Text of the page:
One thing to take home from the interviews of the Judicial Service Commission is when Judge President Mandisa Maya said, “South Africa has always been ready to have a female chief justice at inception. As you point out, we had strong capable women in the Constitutional Court. There has never been a shortage of women who could take up leadership. I have had people ask whether South Africa is ready for a black chief justice. If not, why are we not asking about women?”

ANC members should reflect on this comment by Judge President Maya as they go to their 55th national conference.

The ANC has capable women within its ranks who have the ability to lead the party at the level of deputy president. The ANC will need to look towards young women. South Africans have always been ready for a female deputy president. How is it that a party that claims to be progressive and non-sexist has never had a female deputy president or president? The ANC is 110 years old this year – is the party mature enough to give South Africa a female deputy president in 2024? DM

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  • Justin Hall says:

    A person’s sex/gender should have nothing to do with the consideration for being president. Period.

    Any analysis of a candidate, that focuses primarily on their identity, is doomed to repeatedly fail. Why? Because we’re focusing on the colour of their skin and what’s in between their legs, rather than experience, integrity and what’s in their minds.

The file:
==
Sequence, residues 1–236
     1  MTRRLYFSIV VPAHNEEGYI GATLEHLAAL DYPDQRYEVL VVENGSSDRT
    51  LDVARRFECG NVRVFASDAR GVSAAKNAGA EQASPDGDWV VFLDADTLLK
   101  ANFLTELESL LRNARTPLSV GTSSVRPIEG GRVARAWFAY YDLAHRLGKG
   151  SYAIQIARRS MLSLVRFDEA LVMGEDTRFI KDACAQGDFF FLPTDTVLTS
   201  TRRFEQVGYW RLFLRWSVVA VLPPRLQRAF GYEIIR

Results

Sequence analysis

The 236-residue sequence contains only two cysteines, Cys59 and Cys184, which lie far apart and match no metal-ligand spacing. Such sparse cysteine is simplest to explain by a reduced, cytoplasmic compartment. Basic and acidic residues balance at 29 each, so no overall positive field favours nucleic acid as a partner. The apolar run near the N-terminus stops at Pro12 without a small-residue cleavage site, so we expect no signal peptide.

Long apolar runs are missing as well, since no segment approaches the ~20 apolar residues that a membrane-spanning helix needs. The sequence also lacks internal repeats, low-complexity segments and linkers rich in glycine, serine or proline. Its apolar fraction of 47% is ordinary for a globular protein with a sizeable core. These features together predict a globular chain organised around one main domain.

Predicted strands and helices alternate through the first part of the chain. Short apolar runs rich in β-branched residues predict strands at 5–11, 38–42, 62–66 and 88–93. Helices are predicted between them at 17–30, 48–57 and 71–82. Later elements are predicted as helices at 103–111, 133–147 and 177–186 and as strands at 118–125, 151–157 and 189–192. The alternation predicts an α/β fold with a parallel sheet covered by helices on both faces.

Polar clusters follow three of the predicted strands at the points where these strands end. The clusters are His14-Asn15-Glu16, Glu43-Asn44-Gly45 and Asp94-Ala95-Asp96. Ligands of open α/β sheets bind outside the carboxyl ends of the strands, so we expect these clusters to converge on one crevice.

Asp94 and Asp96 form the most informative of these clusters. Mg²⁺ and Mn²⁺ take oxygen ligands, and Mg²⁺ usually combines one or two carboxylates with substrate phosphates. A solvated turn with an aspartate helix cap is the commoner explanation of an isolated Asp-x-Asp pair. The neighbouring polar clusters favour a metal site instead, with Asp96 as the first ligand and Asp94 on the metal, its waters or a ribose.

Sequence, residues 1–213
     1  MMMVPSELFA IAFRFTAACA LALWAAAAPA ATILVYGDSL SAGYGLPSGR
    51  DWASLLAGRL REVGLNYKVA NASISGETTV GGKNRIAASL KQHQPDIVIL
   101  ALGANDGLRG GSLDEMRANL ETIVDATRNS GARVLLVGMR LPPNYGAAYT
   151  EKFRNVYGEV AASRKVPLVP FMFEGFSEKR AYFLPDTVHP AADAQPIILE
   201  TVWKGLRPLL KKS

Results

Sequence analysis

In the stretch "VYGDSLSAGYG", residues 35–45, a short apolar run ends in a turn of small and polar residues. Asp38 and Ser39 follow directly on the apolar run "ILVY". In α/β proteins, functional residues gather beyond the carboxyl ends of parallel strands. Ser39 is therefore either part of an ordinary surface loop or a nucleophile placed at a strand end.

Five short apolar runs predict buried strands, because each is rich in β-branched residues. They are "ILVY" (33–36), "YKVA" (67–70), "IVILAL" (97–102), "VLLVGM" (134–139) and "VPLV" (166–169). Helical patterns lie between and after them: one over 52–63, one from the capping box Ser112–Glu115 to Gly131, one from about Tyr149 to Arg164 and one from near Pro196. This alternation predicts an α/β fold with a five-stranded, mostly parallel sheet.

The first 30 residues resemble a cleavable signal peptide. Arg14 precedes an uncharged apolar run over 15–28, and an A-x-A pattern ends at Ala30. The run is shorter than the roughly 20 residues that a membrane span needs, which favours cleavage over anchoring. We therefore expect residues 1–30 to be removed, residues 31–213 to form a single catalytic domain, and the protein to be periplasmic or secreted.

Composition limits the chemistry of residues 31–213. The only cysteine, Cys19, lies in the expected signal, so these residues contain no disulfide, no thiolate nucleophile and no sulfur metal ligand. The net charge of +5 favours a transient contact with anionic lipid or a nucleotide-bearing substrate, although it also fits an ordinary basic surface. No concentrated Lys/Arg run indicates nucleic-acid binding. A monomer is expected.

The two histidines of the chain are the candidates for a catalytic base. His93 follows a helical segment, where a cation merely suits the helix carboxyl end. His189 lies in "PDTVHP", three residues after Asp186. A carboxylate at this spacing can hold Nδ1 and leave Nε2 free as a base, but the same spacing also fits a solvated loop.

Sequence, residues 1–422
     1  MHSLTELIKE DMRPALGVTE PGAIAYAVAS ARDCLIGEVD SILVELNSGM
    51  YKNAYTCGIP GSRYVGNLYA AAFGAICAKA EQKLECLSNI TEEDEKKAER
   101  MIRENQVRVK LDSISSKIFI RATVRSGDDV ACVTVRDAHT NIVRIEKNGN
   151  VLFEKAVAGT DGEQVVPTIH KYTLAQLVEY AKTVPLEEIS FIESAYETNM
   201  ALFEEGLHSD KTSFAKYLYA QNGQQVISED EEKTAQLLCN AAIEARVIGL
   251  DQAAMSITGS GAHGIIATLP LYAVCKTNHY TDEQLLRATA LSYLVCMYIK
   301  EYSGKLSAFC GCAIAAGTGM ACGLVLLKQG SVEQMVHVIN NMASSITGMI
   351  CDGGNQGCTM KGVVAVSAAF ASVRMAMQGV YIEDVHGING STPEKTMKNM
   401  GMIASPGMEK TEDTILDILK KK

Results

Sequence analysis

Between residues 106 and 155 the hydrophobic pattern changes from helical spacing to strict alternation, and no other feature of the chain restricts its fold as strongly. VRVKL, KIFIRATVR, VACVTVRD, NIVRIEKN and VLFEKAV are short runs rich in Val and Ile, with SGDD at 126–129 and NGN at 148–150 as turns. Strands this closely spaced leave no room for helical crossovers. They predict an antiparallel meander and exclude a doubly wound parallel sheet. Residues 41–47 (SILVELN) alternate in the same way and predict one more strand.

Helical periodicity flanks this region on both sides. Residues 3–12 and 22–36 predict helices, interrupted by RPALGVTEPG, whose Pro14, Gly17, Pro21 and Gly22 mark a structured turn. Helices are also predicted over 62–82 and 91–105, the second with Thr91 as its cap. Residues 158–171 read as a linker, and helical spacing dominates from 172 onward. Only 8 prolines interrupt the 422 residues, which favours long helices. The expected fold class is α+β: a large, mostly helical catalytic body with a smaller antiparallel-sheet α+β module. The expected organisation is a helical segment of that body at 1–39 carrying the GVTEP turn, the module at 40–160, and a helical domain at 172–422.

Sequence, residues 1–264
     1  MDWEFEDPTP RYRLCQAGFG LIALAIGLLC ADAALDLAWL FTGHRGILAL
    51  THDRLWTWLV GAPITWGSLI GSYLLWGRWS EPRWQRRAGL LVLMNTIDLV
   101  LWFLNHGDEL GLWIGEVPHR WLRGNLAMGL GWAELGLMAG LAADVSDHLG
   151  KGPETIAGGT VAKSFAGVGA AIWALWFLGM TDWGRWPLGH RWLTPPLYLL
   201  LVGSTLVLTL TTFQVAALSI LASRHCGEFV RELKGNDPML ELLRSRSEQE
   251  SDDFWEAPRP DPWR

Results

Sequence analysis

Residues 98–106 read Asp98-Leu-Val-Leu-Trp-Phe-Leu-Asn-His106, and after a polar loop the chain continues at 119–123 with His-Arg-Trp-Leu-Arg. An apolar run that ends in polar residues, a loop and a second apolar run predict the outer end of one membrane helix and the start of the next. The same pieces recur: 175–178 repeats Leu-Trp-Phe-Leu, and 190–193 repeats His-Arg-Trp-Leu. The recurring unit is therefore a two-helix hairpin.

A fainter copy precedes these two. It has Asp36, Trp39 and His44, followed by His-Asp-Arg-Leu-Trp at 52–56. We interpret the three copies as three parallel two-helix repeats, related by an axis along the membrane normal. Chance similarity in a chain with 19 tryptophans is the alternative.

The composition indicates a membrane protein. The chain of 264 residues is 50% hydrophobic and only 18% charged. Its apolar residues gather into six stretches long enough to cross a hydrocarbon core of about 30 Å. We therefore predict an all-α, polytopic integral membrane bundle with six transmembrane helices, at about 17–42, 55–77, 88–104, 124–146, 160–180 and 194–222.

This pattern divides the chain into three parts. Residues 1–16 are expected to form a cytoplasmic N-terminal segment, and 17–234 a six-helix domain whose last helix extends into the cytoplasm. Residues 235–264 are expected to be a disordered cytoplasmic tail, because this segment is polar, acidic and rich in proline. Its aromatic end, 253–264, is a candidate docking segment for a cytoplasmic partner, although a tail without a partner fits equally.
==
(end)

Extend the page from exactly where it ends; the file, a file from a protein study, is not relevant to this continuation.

If they make that miscreant Bathabile Dlamini president, will that prove they are “progressive”? Garbage.

    I’d love to have Thuli Madonsela as president, because she is a brilliant person of integrity, who has proven her worth.

  • Stephen T says:

    Excellent way of distracting public attention away from the despicable corruption that is the ANC today. This is propaganda 101: when your side is out of public favour, find some arbitrary meaningless metric to focus on in place of what really matters.

    Rebone Tau, you are not impressing anyone with these kinds of articles. Equality for the sake of equality is not “progressive”. It’s just stupid. Do better next time.

  • Heinrich Holt says:

    Jesse’s retirement is probably one of the better things happening in the ANC.

  • Hari Seldon says:

    actually we just want someone who is honest and competent with good morals – that’s all – could be a robot for all I care. Just not the usual dirty rotten scoundrels. BTW – the ANC Womens League is about the most rotten of the lot. PS Read Asimov I Robot last chapter…we need Stephen Byerley – not just as deputy but to run this damn planet

  • Heinz-Werner Höffgen-Berger says:

    It is time the ANC appointed someone capable and halfway honest! Never mind the gender!